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Seeking Religion; Finding Charity - my search ends with empathy

Posted: Wed, October 01, 2014 | By: Humanism



by Hank Pellissier

Many human lives have bizarre twists and turns, sharply steered by abrupt personal transformations. My own narrative is a bit convoluted and… infuriating? After I recently announced via LinkedIn that I was the new Manager of Humanitarian Activities for the Mormon Transhumanist Association, my oldest friend texted me:

“WTF?!?!”

He’s confused - am I the same person? I’m a “god-less” militant, right? Producer of an atheist calendar and atheist film festival, faith-bashing blogger in essays where I ridiculed all religions as “Idiotic Conglomerations of Useless Irrational Rubbish.”

But now, I’m gleefully working with Mormons? and other religious folk? “WTF?!?!” is a legitimate response. What the heck am I doing?

My labyrinthine “spiritual journey” provides the answer:

I was baptized and raised Catholic, attending parochial school from Grades 1-8. I was a good little Catholic boy; this is evident in photos of me - hands clasped in prayer, gazing wistfully upwards towards God. I got A’s in catechism. I was evidentially the best little Catholic boy in my school because I was annually chosen to carry the crown of roses for St. Mary, in the May procession.

I was also charitable. The Catholic school I attended collected money everyday for “Pagan Babies” - for only $5 you could adopt and name your own Pagan Baby - I saved my allowance and bought a lot of them, I named them “Henri Fidel” after myself - I dreamed of meeting them. When I grew up, I wanted to be a Missionary, wandering jungles with a Bible and crucifix, seeking primitive tribes to save their souls.

My Catholicism abruptly ended when I hit puberty - emerging testosterone destroyed my faith. Why would a kind and intelligent God create sexual desire? To tempt us unmercifully? Sex, I decided, was too strong, important, and necessary to be categorized as a Sin. I left the Church at the age of 18.

After that, for the next 10 years, I described myself as a Taoist-Zen Buddhist. Yes, it was a pretentious hippie thing to say, but that’s what I was. Long-hair, yoga pants, Birkenstocks. I read the Tao Te Ching in multiple translations, I meditated irregularly.

I also took psychic reading classes; this led me to another trend. When I was 28 I heard a “voice.” I was reading the “Seth Speaks” books when it happened; sure enough, I started channeling, too. I was semi-reluctant - I refused to write down what the “voice” told me. But I did obey two requests of the “voice.” The voice said I should be a minister, and I should study religion. I always look for cheap bargains so I became a Universal Life Minister - the license only cost $40, issued from headquarters in the sacred city of Modesto. I performed weddings, I married about eight couples - about half are divorced now.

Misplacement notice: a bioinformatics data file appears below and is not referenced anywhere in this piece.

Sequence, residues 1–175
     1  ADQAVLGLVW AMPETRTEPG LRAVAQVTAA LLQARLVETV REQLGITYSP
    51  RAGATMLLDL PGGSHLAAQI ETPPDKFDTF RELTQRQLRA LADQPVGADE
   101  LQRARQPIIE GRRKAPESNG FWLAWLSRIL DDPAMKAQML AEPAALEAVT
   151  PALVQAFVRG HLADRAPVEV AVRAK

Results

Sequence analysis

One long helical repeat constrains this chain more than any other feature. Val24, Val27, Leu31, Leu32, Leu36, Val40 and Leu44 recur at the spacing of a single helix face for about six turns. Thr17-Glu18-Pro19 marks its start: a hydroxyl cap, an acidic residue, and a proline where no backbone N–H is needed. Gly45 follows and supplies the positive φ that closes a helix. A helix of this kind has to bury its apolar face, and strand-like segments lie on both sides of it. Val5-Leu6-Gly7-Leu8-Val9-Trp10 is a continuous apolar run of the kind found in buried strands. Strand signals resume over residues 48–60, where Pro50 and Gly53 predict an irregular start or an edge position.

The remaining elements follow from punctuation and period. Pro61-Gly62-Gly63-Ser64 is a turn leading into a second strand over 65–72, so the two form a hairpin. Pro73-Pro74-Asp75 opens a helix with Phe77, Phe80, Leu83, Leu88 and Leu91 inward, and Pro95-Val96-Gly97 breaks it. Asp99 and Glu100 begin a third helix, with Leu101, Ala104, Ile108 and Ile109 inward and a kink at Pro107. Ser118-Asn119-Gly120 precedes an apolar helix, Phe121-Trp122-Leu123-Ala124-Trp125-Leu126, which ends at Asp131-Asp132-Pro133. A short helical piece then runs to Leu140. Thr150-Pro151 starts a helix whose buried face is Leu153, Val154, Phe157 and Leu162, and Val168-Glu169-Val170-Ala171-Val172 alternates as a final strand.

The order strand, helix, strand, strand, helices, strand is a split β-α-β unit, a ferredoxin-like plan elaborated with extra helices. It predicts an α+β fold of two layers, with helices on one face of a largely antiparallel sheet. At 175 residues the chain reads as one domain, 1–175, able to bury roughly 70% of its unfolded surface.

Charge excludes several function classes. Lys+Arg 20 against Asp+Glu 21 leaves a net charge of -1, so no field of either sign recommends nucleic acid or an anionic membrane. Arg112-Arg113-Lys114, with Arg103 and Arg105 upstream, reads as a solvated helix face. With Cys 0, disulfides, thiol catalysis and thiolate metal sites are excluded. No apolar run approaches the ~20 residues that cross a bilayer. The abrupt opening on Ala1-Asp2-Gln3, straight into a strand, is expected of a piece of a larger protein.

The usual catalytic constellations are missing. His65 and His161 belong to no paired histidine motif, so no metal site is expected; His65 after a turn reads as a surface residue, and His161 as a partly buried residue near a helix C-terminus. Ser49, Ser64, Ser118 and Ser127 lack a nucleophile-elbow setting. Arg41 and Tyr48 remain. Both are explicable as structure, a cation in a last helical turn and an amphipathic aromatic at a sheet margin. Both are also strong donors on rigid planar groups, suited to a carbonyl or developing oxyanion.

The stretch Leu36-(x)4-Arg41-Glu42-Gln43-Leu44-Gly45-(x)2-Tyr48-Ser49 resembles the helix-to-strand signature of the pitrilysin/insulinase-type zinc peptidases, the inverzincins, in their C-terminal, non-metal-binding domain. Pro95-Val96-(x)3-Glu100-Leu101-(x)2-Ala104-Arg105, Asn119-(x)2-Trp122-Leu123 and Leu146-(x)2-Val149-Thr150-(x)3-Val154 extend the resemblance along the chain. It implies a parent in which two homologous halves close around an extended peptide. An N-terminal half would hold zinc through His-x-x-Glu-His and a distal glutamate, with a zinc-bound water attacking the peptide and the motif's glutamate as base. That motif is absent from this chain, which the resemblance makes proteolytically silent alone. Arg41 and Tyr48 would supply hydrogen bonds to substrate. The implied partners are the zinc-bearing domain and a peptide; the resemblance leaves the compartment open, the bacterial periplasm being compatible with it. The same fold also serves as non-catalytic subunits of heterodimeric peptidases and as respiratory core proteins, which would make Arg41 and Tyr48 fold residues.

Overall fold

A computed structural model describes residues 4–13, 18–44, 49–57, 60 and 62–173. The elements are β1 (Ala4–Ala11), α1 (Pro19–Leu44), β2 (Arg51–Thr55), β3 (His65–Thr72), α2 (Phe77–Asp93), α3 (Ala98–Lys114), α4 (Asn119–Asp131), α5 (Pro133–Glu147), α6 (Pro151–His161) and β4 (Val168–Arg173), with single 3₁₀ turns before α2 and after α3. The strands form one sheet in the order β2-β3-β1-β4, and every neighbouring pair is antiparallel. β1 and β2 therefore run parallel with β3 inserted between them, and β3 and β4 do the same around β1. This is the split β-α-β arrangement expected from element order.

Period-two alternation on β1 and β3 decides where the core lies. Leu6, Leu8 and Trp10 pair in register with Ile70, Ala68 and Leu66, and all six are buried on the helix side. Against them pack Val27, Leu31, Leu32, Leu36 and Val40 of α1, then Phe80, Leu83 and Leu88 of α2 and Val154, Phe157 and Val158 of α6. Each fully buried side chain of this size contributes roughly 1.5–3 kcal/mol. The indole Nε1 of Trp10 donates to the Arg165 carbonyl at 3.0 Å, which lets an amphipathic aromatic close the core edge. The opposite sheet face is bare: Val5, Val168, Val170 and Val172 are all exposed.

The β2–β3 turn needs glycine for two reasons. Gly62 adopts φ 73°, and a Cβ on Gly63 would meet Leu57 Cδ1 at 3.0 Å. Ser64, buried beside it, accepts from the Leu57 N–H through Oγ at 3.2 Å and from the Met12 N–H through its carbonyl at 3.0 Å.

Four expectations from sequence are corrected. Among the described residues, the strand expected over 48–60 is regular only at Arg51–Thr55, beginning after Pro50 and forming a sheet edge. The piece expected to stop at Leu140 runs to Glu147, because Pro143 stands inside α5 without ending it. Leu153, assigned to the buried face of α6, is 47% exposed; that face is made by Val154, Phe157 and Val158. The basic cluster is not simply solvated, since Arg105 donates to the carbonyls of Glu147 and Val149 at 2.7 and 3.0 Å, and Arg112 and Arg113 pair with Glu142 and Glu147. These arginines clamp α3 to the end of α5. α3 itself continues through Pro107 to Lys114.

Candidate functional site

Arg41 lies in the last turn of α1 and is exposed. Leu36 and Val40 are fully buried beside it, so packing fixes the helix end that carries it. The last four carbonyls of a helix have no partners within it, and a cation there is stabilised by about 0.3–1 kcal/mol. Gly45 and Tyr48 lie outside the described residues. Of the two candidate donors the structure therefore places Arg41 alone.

The second request? I went back to college and got a Master’s Degree in Religion & Humanities, at an affordable rate, via a correspondence program from Cal State Dominguez Hills. The “voice” disappeared after that, after popping up on and off for 7 years. Was the “voice” bored with me? Or satisfied? I don’t know - I didn’t miss it - I became “agnostic.” Just not very interested in religion for 8-10 years. I got married, had two children, started a preschool…

When I was 55 I was suddenly intrigued by Quakerism. I liked the history and the social justice; abolitionism and peace. I attended Quaker Meetings - the silent program - and I dragged my family for one year to the jungles of Costa Rica where there’s a Quaker colony in Monteverde: emigrees from Alabama who moved to Costa Rica to protest the Korean War draft. I was a Quaker attender there, in the jungle, until I was waylaid by…

Atheism! In April 2009 I found myself simultaneously angry at Pope Benedict and Islam. Benedict? he said condoms in Africa promoted AIDS by encouraging sexuality. Islam? My fury was ignited after I read Ayaan Hirsi Ali’s biography “Infidel.”

Suddenly I was a Militant Atheist. I plunged right in. I produced an Atheist Film Festival in San Francisco and an Atheist Calendar for Atheist Alliance. I read Dawkins, Hitchens, Harris… I liked the books, but the atheist organizations I met… uh oh…

I went to an Atheist Picnic Party in Golden Gate Park, with one of my daughters. I thought it was really boring. The atheists ate really bad food. The big event was a Bible-Throwing contest, to see who could throw the Holy Book the farthest, on a lawn. My daughter won the children’s competition, they were pleased with her. But I think… the Bible has some fantastically great literature. I thought the militant atheist scene… was entirely negative, it was just about bashing people who believe in religion, ridiculing their books…

Quickly, after that, I became a Transhumanist. They’re the people who want to live forever, as god-like superhumans via advanced technology. Transhumanism is wonderful, it has all this optimism in it (like a religion) it offers the hope that you can Live Forever, Happily - great stuff! Plus, as a Transhumanist, I could keep my militant atheism - they’re compatible. 90% of transhumanists are atheists.

In 2012 I became Managing Director of a transhumanist think tank website called the Institute for Ethics in Emerging Technology. I launched the website into an Atheist attacks on Religion - I wrote essays lambasting religion as stupid. I was hostile - I was an aggressive militant atheist transhumanist.

But then 2 things happened…